However, Bukreyev went on to refer to the most pressing issue facing Shoigu, in his view, which relates to reservists: “I would like to know how the problem of the reserve component of the Russian Federation Armed Forces will be tackled. This extremely complex and urgent problem is vague at the legislative level, and this naturally does not allow the defense ministry to clarify the procedure for forming reserves or for the performance of service by reservists. Without a reserve that is trained and has material support, there is no army” (Voyenno Promyshlennyy Kuryer, December 18, 2013).
Lieutenant-General (retired) Viktor Sobolev, former commander of the 58th Army (2003–2006), was particularly scathing of the exaggerated claims by the defense ministry concerning the scale of military exercises. In particular, he singled out the wild claims that around 160,000 troops participated in the July 2013 military exercises in the Russian Far East. Sobolev concluded more pointedly, “At present we are not capable of defending our national interests in the Arctic, in the Far East, in Siberia, or in the West—anywhere” (Voyenno Promyshlennyy Kuryer, December 18, 2013).
According to Admiral (retired) Valentin Selivanov, former chief of the Main Staff and former first deputy commander in chief of the Navy (1992–1996), Shoigu has quietly worked on improving the condition and combat readiness of the Armed Forces. Selivanov believes that Shoigu has “halted” the “destruction” of the Russian Navy after more than two decades without shipbuilding. “We are still operating the same old ships. The cruiser Moskva is the [formerly Soviet] cruiser Slava; I went to Malta on it to see [former President George H. W.] Bush and [then–Soviet leader Mikhail] Gorbachev; it is more than 30 years old now. The cruiser Varyag is the missile cruiser Chervona Ukraina, built by the Mykolaiv Shipyard. All these ships are several decades old already. They cannot put to sea without a tug.” This is less a criticism of the current defense ministry noting the slow rate of modernization of the Navy, than a comment meant to highlight a deep-seated problem within the defense industry (Voyenno Promyshlennyy Kuryer, December 18, 2013).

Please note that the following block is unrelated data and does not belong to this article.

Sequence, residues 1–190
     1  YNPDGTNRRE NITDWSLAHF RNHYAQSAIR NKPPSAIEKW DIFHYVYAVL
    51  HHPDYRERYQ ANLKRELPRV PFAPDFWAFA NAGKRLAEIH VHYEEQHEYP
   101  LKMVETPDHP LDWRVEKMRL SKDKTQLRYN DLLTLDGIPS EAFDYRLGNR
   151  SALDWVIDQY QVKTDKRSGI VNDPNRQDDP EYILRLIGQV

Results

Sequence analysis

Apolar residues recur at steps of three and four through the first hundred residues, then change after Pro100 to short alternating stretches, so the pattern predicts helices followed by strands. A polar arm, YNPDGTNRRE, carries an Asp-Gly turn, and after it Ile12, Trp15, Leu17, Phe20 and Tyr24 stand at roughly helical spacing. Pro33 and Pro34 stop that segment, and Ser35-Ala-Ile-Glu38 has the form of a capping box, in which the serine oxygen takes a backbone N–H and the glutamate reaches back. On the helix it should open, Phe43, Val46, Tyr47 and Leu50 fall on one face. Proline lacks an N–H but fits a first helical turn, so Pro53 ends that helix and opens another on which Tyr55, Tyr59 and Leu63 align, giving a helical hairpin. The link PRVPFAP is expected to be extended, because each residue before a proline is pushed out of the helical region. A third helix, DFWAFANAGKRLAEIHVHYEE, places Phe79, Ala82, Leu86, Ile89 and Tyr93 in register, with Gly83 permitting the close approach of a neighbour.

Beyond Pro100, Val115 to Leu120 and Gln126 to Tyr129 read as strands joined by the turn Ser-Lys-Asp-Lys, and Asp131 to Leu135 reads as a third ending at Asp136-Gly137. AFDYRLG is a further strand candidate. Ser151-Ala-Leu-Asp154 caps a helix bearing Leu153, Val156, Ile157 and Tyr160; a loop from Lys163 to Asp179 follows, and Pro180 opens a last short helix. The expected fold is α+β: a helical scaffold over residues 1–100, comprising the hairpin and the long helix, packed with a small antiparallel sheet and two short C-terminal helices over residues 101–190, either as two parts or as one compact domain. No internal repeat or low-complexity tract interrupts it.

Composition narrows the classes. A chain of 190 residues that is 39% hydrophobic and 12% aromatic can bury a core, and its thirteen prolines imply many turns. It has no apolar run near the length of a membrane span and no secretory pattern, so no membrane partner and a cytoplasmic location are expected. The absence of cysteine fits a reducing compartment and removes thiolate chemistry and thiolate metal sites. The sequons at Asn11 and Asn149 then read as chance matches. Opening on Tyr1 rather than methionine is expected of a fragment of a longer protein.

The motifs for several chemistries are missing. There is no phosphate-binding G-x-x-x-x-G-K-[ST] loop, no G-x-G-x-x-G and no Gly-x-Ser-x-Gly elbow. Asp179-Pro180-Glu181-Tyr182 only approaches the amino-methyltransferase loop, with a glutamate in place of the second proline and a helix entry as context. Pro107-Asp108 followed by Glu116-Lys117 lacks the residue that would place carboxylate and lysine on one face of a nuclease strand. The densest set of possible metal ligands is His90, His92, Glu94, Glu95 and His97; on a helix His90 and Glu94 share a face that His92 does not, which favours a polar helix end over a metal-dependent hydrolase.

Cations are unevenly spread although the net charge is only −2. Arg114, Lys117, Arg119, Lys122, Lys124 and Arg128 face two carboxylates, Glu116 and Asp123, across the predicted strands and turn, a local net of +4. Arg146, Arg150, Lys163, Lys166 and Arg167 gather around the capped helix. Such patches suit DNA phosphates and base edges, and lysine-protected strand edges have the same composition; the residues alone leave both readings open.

Lieutenant-General (retired) Anatoliy Surtsukov, previously the chief of the Army Aviation Directorate (2003–2005), encapsulated the overall mood among veterans by referring to the achievements of Shoigu, which lie more in the change in approach and its influence on the mood among the officer corps: “After the new defense minister took up his post, a positive mood was born among Armed Forces veterans and service members—hopes for a bright future. We sensed a guiding hand pointing out the right direction.” Shoigu traveled around the branches of the Armed Forces and main commands and tried to discuss the main problems facing commanders in order to get a sense of the tasks involved. “He recorded everything, made some promises, and did a great deal of what he promised,” Surtsukov suggested (Voyenno Promyshlennyy Kuryer, December 18, 2013).